Marine Life

The Ocean Blog

For those of you who have had the opportunity to visit a coral reef , you know that it’s an experience you are unlikely to forget. Coral reefs are among the world’s most magnificent ecosystems. Their...
Stare at a tide pool and you will often see a crust of pink coating the bottom. No, this is not bubblegum from some careless teenager’s shoe: it’s a stony kind of seaweed that, like other seaweeds,...
Last week, we began asking visitors to the Ocean Portal a simple question: “How do you feel about the oil spill in the Gulf of Mexico?" We’ve received one Haiku and a slew of other interesting...
Whales swimming in the ocean are never really alone. Even if one swims by itself with no other whales for miles around, it still has company—the tiny microbes that live on its skin. For a long time,...
Most people try to avoid rotting kelp at the beach. The feeling of a floating piece of seaweed wrapping around an ankle is enough to shake even the most steeled swimmer, and then there's the strong...
The ocean is home to a phenomenal diversity of marine organisms. They have evolved to inhabit warm waters near the equator and the icy waters of the Earth’s poles. Marine life takes advantage of the...
Even on an early winter morning, it was sunny and warm in southern Florida. This was great because, regardless of the weather, Dr. Jon Norenburg and I were going to walk chest-deep into the water to...
Reef biologists over a certain age are haunted by memories of what glorious places Caribbean reefs once were. In our youth we studied them for all sorts of reasons but scarcely thought about reef...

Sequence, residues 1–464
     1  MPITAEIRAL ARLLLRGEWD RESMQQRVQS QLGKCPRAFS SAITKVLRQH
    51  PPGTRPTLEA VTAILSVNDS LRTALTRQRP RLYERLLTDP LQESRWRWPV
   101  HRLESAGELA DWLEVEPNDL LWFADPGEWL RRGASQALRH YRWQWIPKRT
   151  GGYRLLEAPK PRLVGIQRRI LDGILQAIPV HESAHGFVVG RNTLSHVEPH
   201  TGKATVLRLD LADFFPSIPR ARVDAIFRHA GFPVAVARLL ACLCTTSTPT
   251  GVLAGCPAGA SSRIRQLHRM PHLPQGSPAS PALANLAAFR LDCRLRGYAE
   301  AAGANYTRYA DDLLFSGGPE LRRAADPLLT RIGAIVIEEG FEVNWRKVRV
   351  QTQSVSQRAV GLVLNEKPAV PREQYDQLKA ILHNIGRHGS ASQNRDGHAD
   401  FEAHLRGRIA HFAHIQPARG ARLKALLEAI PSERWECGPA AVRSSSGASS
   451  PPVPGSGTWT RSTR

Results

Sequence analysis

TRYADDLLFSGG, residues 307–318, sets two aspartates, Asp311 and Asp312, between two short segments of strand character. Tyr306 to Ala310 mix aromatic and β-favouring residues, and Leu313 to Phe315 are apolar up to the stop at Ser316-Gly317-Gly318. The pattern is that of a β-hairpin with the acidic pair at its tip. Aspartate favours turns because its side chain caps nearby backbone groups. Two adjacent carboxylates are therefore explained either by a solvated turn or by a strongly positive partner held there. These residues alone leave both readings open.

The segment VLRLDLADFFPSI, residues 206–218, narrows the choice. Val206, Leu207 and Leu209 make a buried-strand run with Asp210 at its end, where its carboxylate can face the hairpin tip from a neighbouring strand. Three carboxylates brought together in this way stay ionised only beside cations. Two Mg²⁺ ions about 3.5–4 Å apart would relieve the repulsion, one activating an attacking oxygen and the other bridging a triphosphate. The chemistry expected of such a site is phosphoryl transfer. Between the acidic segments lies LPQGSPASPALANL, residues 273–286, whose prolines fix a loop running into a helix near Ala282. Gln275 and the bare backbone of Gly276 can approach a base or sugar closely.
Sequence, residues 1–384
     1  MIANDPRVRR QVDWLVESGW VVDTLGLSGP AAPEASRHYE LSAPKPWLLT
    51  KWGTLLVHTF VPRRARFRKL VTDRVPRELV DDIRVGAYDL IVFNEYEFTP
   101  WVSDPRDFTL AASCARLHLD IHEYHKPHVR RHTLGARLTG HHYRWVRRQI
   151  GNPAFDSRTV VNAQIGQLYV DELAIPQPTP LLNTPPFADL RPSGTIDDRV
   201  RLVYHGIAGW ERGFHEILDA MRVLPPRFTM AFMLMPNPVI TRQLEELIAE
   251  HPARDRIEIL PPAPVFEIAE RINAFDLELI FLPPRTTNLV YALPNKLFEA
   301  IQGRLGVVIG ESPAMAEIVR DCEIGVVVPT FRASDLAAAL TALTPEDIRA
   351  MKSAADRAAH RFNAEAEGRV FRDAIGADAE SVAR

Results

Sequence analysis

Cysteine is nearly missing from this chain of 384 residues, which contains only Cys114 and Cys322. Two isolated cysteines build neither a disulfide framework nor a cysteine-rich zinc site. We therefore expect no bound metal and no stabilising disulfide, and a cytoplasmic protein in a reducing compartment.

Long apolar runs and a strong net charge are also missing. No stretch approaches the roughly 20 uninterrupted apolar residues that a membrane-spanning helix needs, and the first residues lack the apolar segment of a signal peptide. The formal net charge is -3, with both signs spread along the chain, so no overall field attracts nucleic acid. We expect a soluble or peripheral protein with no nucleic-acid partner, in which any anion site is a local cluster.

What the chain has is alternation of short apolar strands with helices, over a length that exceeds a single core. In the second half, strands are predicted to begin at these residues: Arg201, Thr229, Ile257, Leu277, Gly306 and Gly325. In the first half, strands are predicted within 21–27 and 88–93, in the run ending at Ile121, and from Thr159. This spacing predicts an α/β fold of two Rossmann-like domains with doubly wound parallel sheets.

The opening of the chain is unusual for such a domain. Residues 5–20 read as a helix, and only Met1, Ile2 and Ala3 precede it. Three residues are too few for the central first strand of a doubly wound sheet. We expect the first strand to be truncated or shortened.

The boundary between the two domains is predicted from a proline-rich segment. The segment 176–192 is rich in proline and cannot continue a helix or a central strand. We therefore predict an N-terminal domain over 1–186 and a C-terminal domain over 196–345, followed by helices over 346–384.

Large whales are notoriously hard to study. Except when rising to breathe, they swim beneath the ocean's surface out of human sight, which makes it difficult to find and track them. They often live...
Top predators along the California coast are having a rough year. Recently starving sea lions have showed up on California beaches and are clamoring for fish at the mouth of Oregon's Columbia River...
You are not alone if you don’t know what forams (short for foraminifera) are, so let’s start with the basics. Simply put, forams are single-celled organisms related to the familiar amoeba that...
Oceanic birds are a rare treat to see because these birds are not casual visitors to our coastline—to see them you normally have to get on a boat. So late last spring I was amazed to find hundreds of...
Polychaete worms are not your average cringe-inducing, writhing worms. (Okay, maybe some are.) They are fascinating, varied, and a critical part of our ocean. The visual variety among the more than...
Welcome to Citizens of the Sea , a new blog series where ocean life comes to life. Our book by the same name came out in September, but no sooner had it gone off to the printer than new ocean stories...
I am once again leaving my familiar world behind and descending into the abyss below. The first dive of an entirely new expedition is the most magical. I am a member of a scientific research dive...
Starting this Sunday, August 1st, the fins will be circling on a television near you. Sunday kicks off The Discovery Channel’s “Shark Week,” an annual TV ritual that offers hours of programming about...
In honor of Mother's Day, the Citizens of the Sea blog salutes ocean-going mothers everywhere. Especially a 60 year-old albatross named Wisdom. She holds the seabird records for both oldest bird and...
You never know where following your passions can take you. I came to the Smithsonian's National Museum of Natural History (NMNH) two years ago as a research intern after graduating with a Bachelor’s...
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